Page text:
[Plaintiff] v. New York City Transit Authority, et al.
Supreme Court of the State of New York, County of New York
Index No. 100974/09

Attorney for defense:
Wallace Gossett, Jr.
NYCTA Law Department
Trial Counsel
Jane N. Barrett, Esq.
189 Montague Street, Suite 522
Brooklyn, NY 11201
(718) 237-3400
e-mail: janebarret@aol.com

Expert retained by defense:
Harold J. Bursztajn, M.D.
Associate Clinical Professor
Co-founder, Program in Psychiatry and the Law
Department of Psychiatry
Beth Israel Deaconess Medical Center
Harvard Medical School
96 Larchwood Drive
Cambridge, MA 02138
ph. 617-492-8366
e-mail: harold_bursztajn@hms.harvard.edu


On May 14, 2008, when a New York City bus made a sudden stop during a sharp turn, a 62-year-old passenger reportedly fell out of her seat and struck the back of the seat in front of her. According to records of the first responders, the woman did not lose consciousness and walked to the ambulance sent to the scene. Subsequently, she brought a civil action against the New York City Transit Authority, which operated the bus. In addition to physical injuries and disability, she claimed to suffer from a post-concussive syndrome—causing headaches, impaired vision, and memory and other cognitive impairments—that disabled her from working. Pursuant to a prior ruling on motion practice, the judge ruled that defendant NYCTA was negligent as a matter of law when the bus operator was not produced for deposition. The court did not make any ruling on the issues of causality or liability.

In support of plaintiff’s claims, the plaintiff-retained neurologist and psychiatrist made extensive reference to emerging technology for corroborating and quantifying the claim of impaired function due to the alleged chronic post-concussive syndrome and other neurologic injuries. Defense counsel retained forensic neuropsychiatrist Harold J. Bursztajn, M.D., of Harvard Medical School, to testify as a rebuttal expert. While not permitted to conduct an independent forensic examination of the plaintiff, Dr. Bursztajn reviewed and analyzed medical records, work records, records of prior applications for disability benefits and workers’ compensation, and deposition testimony—data that raised substantial questions about both the extent of the plaintiff’s disabilities and their alleged causation by the bus accident. He opined that the data were forensically insufficient to support the plaintiff’s claim to have sustained neuropsychiatric injuries and impairments as a consequence of the accident. In addition, he opined that the plaintiff-retained psychiatrist’s methods of evaluation failed to meet the standard of general acceptance in the relevant professional community.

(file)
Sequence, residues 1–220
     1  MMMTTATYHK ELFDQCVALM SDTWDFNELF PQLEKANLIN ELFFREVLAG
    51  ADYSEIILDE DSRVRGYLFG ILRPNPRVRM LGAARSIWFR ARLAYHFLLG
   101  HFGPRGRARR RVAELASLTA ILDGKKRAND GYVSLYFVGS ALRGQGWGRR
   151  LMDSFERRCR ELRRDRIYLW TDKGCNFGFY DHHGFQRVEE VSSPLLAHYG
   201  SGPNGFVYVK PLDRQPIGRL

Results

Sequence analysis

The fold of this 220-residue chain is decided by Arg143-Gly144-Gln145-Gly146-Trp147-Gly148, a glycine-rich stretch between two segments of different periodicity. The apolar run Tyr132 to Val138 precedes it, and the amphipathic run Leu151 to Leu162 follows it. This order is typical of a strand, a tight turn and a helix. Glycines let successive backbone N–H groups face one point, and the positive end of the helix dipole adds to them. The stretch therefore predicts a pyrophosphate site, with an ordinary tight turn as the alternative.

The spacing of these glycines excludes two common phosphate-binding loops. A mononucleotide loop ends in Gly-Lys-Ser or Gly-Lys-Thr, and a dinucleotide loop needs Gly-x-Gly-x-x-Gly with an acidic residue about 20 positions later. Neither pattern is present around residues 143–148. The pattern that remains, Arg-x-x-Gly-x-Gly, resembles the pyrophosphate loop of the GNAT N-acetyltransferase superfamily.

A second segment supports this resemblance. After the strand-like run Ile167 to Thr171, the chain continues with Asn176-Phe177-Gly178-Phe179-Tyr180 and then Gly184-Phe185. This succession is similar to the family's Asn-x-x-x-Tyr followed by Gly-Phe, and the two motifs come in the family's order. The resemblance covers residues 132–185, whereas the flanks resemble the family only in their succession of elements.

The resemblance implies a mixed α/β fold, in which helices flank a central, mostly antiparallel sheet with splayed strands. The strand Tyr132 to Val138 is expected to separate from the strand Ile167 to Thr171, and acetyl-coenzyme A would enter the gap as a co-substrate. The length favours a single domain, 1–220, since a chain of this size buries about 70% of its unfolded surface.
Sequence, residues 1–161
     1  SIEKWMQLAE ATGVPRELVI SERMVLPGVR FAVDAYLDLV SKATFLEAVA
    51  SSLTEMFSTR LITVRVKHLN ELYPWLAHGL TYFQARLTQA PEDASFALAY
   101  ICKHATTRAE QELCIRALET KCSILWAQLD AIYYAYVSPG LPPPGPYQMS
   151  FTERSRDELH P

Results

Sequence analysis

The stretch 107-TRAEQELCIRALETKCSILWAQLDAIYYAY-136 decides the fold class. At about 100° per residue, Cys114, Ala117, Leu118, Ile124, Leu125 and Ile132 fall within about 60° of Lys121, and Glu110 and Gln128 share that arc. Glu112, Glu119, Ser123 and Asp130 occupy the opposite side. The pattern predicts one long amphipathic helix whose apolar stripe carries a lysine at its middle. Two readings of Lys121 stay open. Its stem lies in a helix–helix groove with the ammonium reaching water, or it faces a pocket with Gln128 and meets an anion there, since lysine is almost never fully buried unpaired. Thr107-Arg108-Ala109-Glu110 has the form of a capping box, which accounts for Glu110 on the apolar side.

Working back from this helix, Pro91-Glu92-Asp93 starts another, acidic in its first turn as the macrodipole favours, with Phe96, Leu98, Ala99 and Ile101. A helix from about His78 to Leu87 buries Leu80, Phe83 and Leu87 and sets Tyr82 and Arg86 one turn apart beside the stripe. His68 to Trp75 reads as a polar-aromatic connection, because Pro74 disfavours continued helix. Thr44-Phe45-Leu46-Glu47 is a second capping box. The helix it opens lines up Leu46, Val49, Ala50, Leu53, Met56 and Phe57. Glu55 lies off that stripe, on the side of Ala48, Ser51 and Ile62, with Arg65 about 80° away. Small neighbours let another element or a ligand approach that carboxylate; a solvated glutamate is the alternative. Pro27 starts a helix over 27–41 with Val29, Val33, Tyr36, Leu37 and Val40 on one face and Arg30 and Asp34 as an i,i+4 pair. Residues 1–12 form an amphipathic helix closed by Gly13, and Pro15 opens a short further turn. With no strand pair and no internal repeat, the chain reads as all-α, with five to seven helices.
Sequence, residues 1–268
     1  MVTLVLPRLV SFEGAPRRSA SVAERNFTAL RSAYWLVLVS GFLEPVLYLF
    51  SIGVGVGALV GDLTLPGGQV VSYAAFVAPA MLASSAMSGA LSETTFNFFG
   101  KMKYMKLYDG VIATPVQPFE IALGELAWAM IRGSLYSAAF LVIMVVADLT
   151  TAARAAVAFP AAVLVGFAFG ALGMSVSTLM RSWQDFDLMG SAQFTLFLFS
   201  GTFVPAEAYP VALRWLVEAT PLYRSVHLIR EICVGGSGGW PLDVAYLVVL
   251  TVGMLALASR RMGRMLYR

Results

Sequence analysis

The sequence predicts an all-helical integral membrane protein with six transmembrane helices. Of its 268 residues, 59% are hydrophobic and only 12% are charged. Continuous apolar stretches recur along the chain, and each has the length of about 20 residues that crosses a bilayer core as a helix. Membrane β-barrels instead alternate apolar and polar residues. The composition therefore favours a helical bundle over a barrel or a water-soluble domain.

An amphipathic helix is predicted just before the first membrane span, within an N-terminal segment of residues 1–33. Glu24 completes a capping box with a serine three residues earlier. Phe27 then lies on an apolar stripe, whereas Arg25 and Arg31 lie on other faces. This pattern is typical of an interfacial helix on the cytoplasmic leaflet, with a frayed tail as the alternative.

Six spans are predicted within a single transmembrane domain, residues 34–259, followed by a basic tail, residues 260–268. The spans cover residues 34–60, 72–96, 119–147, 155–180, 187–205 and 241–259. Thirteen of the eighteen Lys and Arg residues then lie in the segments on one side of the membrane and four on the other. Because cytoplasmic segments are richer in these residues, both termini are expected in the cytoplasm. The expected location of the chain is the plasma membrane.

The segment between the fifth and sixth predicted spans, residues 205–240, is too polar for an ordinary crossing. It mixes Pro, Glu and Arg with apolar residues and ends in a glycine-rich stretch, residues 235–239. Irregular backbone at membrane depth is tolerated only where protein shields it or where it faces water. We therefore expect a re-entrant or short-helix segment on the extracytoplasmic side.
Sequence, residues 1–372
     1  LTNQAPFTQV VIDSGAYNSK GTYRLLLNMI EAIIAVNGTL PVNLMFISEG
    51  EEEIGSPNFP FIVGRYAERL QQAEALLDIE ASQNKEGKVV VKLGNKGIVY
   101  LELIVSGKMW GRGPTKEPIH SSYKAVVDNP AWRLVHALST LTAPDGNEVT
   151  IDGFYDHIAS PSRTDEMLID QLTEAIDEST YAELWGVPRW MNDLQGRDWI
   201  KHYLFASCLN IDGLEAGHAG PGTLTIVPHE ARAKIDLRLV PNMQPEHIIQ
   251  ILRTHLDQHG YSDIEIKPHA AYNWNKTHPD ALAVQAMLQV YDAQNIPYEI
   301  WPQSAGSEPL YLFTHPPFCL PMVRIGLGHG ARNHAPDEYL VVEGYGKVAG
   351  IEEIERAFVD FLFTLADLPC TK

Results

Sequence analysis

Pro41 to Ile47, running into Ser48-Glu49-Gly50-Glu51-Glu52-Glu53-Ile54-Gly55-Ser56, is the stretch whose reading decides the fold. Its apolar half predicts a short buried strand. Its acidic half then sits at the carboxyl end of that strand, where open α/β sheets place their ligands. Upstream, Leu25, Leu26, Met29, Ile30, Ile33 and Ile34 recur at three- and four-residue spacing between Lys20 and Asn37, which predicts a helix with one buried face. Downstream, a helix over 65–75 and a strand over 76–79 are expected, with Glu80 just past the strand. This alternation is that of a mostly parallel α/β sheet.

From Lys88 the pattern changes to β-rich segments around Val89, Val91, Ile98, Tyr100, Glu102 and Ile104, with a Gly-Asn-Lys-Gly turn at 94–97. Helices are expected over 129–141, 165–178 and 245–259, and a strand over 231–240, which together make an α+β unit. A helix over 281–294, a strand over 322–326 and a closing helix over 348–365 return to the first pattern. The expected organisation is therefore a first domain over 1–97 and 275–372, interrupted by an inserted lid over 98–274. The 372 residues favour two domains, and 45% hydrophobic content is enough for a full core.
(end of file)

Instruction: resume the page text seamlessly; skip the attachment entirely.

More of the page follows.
After receiving Dr. Bursztajn’s report, plaintiff’s counsel withdrew that part of its expert’s proffered testimony that relied on the findings of quantitative electroencephalography (QEEG), a controversial form of neuroimaging, prior to a scheduled Frye hearing to determine the admissibility of such testimony. At trial, Dr. Bursztajn noted that the purportedly objective measures of neuronal function employed by the plaintiff-retained experts, such as delayed ocular evoked potentials, are easily malingered or misattributed in a forensic context and can also be affected by medication. Yet those experts failed to assess the plaintiff for potential malingering, misattribution, or medication effects.

Dr. Bursztajn also testified that prior to the accident, the plaintiff had suffered from degenerative (including neurodegenerative) conditions that could account both for her claimed impairments and for the experts’ findings. For example, the evoked potentials could be slowed by any of a number of causes, ranging from lack of motivation to preexisting or unrelated medical conditions such as diabetes or cataracts. Based on a comprehensive analysis of the plaintiff’s claims, Dr. Bursztajn testified to his opinion that, more likely than not, the plaintiff was malingering for financial gain as well as for sick-role adaptation, and was misattributing a variety of neurodegenerative processes related to aging to what her experts claimed was a chronic post-concussive syndrome caused by the bus accident.

By a 6-0 vote, the jury returned a verdict in favor of defendant, awarding no damages. The jury found that plaintiff had not sustained a "serious injury" sufficient to get over the no-fault threshold set forth in NYS Insurance Law.